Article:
Sand. Sweat. Sun. A cooling wind to follow, from jumping out of a plane.
I stood on the edge of the dune in Swakopmund, Namibia. It looked impossibly steep, and I thought of my shoulder surgery. It has been years, but it still sticks in my mind when I’m looking at the edge of something I’m about to slide down or jump off of at top speed.
“I’m not going to believe that coming from someone who’s wearing a skydiving shirt,” joked Chris, the instructor, when I said I was a bit nervous to stand up-board down the dune face.
The sand wasn’t like the icy snow in the mountains near home in California, though. It’s a fine, soft landing and though steep, not too difficult to learn on.
Easily alternating between fast and slow with a heel and toe motion, the end of the run came quickly and left me wanting more.
Hoisting the board back up, I eyed the dune once again. Another steep climb. I was going to have to earn these runs.
From the top of the dune, a shining blue ocean beckons, as if teasing that only it can offer some relief from the heat.
Swakopmund sits on the Skeleton Coast in Namibia, nestled between the oldest desert in the world and the Atlantic Ocean. For me it was an active place, full of far too many activities to try during my two days there.
Reminiscent of its German colonial history, the town of under 50,000 people in a country of 2.5 million is an interesting mix of Europe and Africa. Markets with tribal wares sit alongside German-style cafes serving up sausages.
It offers the small town charms of dive bars, Sunday farmer’s markets, people who recognize you after a day or two, and of course, a wide array of adventure activities.
With so many choices such as quad biking, dolphin cruising, horse riding and skydiving (more on that later), sandboarding with Alter Action sounded the most unique to me and therefore was put at the top of my list.
I did fall, but it didn’t hurt much. I did get pockets, ears, hair, and a mouth full of sand, but I didn’t mind much.
Even two months later, I’m still finding sand at the bottom of my bag.
It was worth it, though, and as big kids what’s better than playing in a giant sandbox? Few things, I’d say.
After the fourth run it was time to head off for skydiving with Ground Rush Adventures. The day was packed but it was perfect, because I didn’t have any down time to think about the fact that I’d be flying through the air, tempting fate and putting all of my trust in a parachute, soon.
I wondered if it would be like bungee jumping. I still didn’t know how I felt about it a month after jumping off of Bloukrans Bridge in South Africa, the highest commercial, natural bungee jump in the world and the first I’d ever tried.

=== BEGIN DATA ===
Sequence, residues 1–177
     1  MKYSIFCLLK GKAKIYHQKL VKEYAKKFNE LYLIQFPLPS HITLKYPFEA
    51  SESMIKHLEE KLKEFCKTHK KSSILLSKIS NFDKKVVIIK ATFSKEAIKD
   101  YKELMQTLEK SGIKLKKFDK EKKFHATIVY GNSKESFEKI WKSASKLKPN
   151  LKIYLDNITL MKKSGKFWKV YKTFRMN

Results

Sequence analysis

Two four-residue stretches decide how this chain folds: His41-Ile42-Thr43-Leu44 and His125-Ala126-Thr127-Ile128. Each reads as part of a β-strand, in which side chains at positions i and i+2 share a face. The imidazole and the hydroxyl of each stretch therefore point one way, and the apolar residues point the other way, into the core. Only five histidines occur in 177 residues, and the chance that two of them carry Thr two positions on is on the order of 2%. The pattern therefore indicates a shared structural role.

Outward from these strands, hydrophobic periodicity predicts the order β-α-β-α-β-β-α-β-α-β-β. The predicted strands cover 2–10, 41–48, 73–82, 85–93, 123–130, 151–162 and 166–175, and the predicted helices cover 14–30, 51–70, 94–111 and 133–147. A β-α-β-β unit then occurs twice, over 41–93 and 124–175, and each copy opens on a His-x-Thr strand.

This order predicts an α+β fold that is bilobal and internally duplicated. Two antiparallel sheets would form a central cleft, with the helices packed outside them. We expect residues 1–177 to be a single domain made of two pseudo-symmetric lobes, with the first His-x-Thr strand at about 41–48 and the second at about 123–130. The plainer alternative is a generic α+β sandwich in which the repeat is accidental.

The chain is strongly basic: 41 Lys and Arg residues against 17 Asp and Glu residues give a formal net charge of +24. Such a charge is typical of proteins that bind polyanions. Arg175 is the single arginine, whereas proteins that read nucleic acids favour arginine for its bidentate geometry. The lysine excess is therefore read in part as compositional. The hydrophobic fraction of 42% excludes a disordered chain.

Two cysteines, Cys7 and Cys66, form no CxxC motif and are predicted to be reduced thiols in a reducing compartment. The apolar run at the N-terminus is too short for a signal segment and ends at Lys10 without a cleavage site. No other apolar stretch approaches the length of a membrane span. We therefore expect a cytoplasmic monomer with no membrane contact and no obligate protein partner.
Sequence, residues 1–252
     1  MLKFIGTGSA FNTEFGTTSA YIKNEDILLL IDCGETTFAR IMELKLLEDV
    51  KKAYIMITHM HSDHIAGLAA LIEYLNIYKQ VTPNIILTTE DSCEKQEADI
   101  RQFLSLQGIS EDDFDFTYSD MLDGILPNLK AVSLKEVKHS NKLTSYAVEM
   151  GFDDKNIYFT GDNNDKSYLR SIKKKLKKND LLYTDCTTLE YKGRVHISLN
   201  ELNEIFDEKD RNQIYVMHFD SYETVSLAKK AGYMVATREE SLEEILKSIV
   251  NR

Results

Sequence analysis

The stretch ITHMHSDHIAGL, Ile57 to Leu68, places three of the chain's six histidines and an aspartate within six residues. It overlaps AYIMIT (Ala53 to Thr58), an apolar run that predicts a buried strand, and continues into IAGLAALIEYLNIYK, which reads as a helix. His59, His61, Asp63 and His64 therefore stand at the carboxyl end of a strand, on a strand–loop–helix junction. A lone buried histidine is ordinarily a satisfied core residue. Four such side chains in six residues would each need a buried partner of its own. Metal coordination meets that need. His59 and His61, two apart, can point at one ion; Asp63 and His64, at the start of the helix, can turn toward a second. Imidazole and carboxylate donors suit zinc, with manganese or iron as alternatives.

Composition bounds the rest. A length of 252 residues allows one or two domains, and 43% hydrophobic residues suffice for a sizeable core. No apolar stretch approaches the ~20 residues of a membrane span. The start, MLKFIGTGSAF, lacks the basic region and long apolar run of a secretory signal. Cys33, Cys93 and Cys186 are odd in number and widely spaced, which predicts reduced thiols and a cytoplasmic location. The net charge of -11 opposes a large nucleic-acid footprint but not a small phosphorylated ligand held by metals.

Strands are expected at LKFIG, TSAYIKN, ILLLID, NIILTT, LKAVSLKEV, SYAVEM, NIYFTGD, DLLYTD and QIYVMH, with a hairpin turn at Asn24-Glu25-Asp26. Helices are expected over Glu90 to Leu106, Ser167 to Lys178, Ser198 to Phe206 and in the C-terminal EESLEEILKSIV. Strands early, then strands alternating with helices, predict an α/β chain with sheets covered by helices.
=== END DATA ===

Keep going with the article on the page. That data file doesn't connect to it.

I met the guy I’d be jumping tandem with, Francois, and immediately felt at ease. He’s the kind of guy I’d be friends with, whether I was strapped to him and trusting him with my life or not. He approached it with such excitement and enthusiasm that it was hard for me to have any fear.
The scariest part of a skydive is the buildup. Sitting in the plane as it goes higher and higher, way past the point where it seems it should stop and with entirely too much time to think, is the worst. I was oddly relaxed and excited, though, knowing that I didn’t really have to do anything but spread my wings and fly.
The launch felt completely different from jumping off a bridge. There was a free-fall, yes, but at that altitude and watching everything below me, felt slower and almost peaceful. When bungee jumping, my body was moving faster than my brain could comprehend, which is why the free-fall is so damn scary. The body is sending panic signals to the brain quicker than the brain can say, “it’s cool, there’s a rope strapped to you!”
Skydiving was different with the rush of warm wind – so warm that I didn’t even need a jump suit – and the gorgeous setting sending so much dopamine through my brain that I instantly fell in love with the sensation.
Before I knew it, the parachute was deployed and Francois, sensing that I wasn’t even an ounce of scared, placed the handles in my hands and said, “pull!”
We spun quickly in one direction, me laughing and he pulling my hand down even harder so that we’d go faster, then in the other direction. I wanted it to last forever.
As we touched down on the ground, a crowd of friends from my Acacia crew smiling and waving at the bottom ran over with hugs and a glass with brandy.
Ever since that glorious day I’ve toyed with the idea of returning in order to get certified to jump solo. I could do that all day, every day, and never get tired of it.
It looks like I’ve found a new addiction.
*Acacia, Ground Rush, and Alter Action brought this post to you. However, you will never read a positive review on BMTM for an activity that I did not love. Your trust always comes first.
Do it Yourself:
- Stay: For a rare moment we weren’t in tents in Swakopmund, opting for dorms at Amanpuri Guesthouse. It became a running joke in my safari group that the slogan of the place was, “a place to stay.” Not a “nice,” or “great,” place to stay. Just a place to stay. It was actually quite a nice place to stay, though, and I’d recommend it for affordable and clean dorms or private rooms.
- Sandboard: Alter Action was tons of fun to board with, and it’s super cheap at $45 for a full day with a DVD of your boarding misadventures (because pretty much everyone falls at some point!) included. Highly recommended.
- Skydive: Tandem dives run at the equivalent of $170. The crew is awesome and the view must be amongst the most beautiful in the world. A common complaint of skydivers in other places in the world is that the cold hurts their faces as they fall – not an issue in the middle of the hot desert.
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